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The Origins of Aristotelian Science.

Modern readers who have wrestled with the difficulties of Aristotle's Posterior Analytics can sympathize with the twelfth-century lament of John of Salisbury that there are "as many obstacles to understanding this work as there are chapters in it--and you are lucky if there are not more obstacles than chapters" (Metalogicon 4.6). One recent reader who has met with some success in overcoming these difficulties is Michael Ferejohn, whose book attempts to set out systematically the elements of the Aristotelian theory of scientific explanation. Rather than add to the eminent tradition of commentary on the text, Ferejohn provides a reconstruction of the theory and so a comprehensive interpretation of demonstrative knowledge.

Ferejohn presents Aristotle's theory as an attempt, first, to set out those general requirements which any adequate theory of knowledge would have to satisfy, and second, to construct a theory of scientific explanation based on his theory of the syllogism. Crucial to this project is the task of showing that Aristotle's notion of scientific knowledge is foundationalist but not, at the same time, axiomatic. This latter view, which Ferejohn calls syllogisticism, seems to fit those passages of the Posterior Analytics which closely connect the theory of the syllogism with scientific demonstration. It runs aground, however, on those passages where Aristotle speaks of definitions and principles in ways which do not easily lend themselves to syllogistic reasoning. Ferejohn claims that this is because the text contains a complex method of demonstration which is only partly syllogistic and not at all axiomatic. What the strict syllogisticist overlooks is the fact that Aristotelian scientific explanation is a two-stage process. The nonsyllogistic stage is based on the Platonic method of division in which the concepts relevant to the explanation of a particular phenomenon are framed and the necessary definitions are set out. This procedure provides the raw material, that is, the propositions, from which demonstrative syllogisms are constructed. The actual construction of these syllogisms in a way that shows how a causal middle term links properties set out in the framing stage, constitutes the second stage of explanation. Thus, Ferejohn argues against the strict syllogisticist that the definitions and first principles of a science are not axioms of a strictly deductive system, but basic assumptions which are organized and selected through division as a preparation for demonstrating syllogistically.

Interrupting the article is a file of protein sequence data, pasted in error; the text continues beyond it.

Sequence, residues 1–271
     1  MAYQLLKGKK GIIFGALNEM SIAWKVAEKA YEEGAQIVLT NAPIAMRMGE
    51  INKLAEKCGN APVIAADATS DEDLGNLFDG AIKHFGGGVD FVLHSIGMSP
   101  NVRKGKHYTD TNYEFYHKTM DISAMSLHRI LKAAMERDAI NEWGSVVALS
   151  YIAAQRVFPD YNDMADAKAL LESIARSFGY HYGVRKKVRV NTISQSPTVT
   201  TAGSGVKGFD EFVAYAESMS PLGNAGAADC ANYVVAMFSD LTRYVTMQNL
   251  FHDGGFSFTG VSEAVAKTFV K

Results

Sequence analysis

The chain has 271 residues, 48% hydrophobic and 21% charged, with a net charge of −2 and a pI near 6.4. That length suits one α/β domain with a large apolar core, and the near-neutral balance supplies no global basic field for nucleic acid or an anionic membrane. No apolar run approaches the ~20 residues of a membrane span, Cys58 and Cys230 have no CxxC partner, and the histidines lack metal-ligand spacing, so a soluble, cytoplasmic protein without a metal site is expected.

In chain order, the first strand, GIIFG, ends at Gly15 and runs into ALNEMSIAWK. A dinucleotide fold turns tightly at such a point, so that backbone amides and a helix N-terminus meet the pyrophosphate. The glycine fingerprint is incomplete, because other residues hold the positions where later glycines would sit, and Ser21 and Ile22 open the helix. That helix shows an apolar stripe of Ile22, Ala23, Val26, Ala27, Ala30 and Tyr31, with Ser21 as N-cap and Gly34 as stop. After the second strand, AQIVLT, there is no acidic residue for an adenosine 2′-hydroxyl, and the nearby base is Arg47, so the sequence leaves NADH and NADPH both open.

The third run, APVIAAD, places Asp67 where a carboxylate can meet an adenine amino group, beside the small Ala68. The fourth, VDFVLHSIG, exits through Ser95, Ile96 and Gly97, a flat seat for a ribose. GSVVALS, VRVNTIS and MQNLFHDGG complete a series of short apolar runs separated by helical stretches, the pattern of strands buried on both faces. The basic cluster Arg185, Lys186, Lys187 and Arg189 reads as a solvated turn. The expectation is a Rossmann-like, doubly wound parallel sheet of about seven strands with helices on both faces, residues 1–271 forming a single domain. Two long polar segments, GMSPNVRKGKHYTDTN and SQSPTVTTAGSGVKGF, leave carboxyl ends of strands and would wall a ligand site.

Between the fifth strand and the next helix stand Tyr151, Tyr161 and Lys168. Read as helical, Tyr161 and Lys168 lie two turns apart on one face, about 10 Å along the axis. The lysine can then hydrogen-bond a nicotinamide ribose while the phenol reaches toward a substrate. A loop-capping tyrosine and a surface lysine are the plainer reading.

This two-stage method of explanation is outlined, in a general way, in the first part of the book. In the second part, Ferejohn provides a close study of the various kinds of immediate connections Aristotle allows between terms of a definition. Making these connections constitutes a major part of the first stage and is accomplished through an application of Platonic division in strictly limited ways. In this way Aristotle is able, Ferejohn argues, to provide the diverse kinds of assumptions syllogistic reasoning requires.

Clearly written and well organized, Ferejohn's book offers a novel approach to interpreting the Posterior Analytics. By attempting to reconstruct Aristotle's theory rather than by giving a textual exegesis, this book is able to approach issues without following Aristotle's sometimes confusing order of treatment. More importantly, this book has the great merit of providing a viable alternative to the various other interpretations which have dominated Aristotle studies in this century. These include not only the strict syllogisticist interpretation, but also those interpretations which, in one way or another, attempt to drive a wedge between Aristotle's conception of explanation in the Posterior Analytics and his actual practice in his works on specific natural sciences. This reason alone would make Ferejohn's work an important contribution to current Aristotle studies.
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Author:Tkacz, Michael W.
Publication:The Review of Metaphysics
Article Type:Book Review
Date:Mar 1, 1993
Words:595
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